Teachers wishing to incorporate digital materials from the online collections into their lesson plans may also find it useful to review information at

For an overview of American Memory go to

Recommended Collections from The Library of Congress:

Farm Security Administration – Office of War Information Photograph Collection

Description: Contained within the Library of Congress, the collection of the Farm Security Administration – Office of War Information covers a period of American life between 1935 and 1943. The collection includes approximately 77,000 images.

For an overview of the collection go to:

To search prints and photographs go to

Historic American Buildings Survey/Historic American Engineering Record

Description: Also contained within the Library of Congress, this collection includes drawings, photographs and written historical and architectural information for nearly 37,000 sites and structures in the U.S. A broad range of architectural and engineering structures and sites are represented in the collection – spanning from the 17th to the 20th century.

For an overview of the collection go to:

To search prints and photographs go to

Frank and Frances Carpenter Collection

Description: This collection includes photos assembled by Frank G. Carpenter (1855-1924) to illustrate his writings on geography and his daughter, Frances Carpenter who continued to add to the collection until her death in 1972. The digital collection available online represents a small cross-section of the estimated 5,600 photographic prints and 8,000 negatives now held in the collection by the Library of Congress.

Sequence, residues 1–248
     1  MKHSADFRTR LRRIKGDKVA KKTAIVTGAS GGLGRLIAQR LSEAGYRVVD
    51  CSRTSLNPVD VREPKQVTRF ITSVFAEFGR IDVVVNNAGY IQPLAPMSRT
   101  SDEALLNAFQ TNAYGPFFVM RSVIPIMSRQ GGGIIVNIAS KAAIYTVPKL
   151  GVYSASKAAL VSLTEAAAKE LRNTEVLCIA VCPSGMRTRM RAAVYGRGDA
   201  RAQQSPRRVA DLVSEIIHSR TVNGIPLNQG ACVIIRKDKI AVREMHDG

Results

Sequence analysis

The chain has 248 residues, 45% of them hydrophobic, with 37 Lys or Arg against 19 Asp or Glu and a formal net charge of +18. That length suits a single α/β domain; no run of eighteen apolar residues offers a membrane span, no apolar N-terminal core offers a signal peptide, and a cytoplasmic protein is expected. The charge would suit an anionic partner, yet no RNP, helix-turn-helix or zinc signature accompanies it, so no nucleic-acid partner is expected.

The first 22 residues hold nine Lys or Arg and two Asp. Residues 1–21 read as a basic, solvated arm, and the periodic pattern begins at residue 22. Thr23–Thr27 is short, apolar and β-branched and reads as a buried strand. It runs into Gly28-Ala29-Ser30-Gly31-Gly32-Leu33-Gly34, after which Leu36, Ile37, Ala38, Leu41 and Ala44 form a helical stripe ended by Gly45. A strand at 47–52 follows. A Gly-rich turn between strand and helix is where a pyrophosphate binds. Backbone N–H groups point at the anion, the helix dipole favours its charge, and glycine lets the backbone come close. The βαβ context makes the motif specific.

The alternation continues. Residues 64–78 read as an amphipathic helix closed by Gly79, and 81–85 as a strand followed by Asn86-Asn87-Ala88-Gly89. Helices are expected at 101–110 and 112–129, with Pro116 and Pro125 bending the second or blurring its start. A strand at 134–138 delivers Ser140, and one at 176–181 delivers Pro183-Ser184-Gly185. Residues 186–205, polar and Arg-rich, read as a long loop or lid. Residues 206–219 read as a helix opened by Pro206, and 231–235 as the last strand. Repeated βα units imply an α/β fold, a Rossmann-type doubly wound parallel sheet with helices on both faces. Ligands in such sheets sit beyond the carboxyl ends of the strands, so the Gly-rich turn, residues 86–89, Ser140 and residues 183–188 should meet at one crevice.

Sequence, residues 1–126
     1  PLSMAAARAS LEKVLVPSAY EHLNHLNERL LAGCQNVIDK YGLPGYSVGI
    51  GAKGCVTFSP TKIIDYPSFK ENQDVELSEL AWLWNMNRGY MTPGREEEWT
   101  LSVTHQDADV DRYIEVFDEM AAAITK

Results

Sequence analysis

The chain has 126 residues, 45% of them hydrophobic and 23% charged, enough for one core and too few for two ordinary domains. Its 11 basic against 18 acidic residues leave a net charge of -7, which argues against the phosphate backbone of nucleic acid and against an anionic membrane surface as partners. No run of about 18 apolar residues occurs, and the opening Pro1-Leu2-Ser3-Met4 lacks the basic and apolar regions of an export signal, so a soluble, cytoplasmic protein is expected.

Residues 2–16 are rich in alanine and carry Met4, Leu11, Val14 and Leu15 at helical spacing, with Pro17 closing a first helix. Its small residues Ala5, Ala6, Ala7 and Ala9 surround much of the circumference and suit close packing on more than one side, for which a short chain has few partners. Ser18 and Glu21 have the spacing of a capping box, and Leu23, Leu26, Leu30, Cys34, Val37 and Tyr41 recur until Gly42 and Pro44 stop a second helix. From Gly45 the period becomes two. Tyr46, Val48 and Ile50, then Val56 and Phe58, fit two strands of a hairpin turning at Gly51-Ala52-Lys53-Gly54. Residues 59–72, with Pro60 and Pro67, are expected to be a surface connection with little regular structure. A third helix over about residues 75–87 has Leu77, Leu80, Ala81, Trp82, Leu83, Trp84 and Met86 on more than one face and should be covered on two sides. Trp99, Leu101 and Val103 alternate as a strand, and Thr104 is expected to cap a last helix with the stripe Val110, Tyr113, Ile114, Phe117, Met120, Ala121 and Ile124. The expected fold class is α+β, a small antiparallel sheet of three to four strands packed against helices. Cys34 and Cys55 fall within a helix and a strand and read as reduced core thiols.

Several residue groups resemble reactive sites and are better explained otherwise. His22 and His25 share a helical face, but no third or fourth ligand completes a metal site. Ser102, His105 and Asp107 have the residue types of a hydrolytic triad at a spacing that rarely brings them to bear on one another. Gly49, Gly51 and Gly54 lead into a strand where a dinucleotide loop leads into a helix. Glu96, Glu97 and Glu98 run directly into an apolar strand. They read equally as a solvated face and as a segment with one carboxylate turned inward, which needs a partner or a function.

For an overview of this collection go to:

Library of Congress Primary Documents in American History

Description: The Library of Congress is home to many of America’s most important documents. This site provides links to documents from specific eras of United States history, and a list of links to related digital material from the Library and elsewhere. Bibliographies for both general readers and young readers are also provided.

For an overview go to:

Description: One of the most important historical documents in U.S. history affecting Aleuts is the treaty with Russian for the purchase of Alaska. The link below takes you directly to information about the historic land deal and directs you to digital images of the actual treaty and other interesting photographs.

Library Congress Exhibits

Description: “In the Beginning There was the Word: The Russian Church and Native Alaskan Cultures” offers a straightforward history of Aleuts and Russian Orthodoxy, along with digital images of rare prints and photographs.

Find the exhibit at:

US National Archives and Records Administration (NARA), Archival Research Catalog (ARC)

Description: Within the National Archives and Records Administration, ARC is the online catalog containing NARA’s nationwide holdings including Washington, D.C., numerous regional archives and Presidential Libraries. Here are some of the many digital images of official logbooks and passenger manifests, photographs and other materials available for viewing.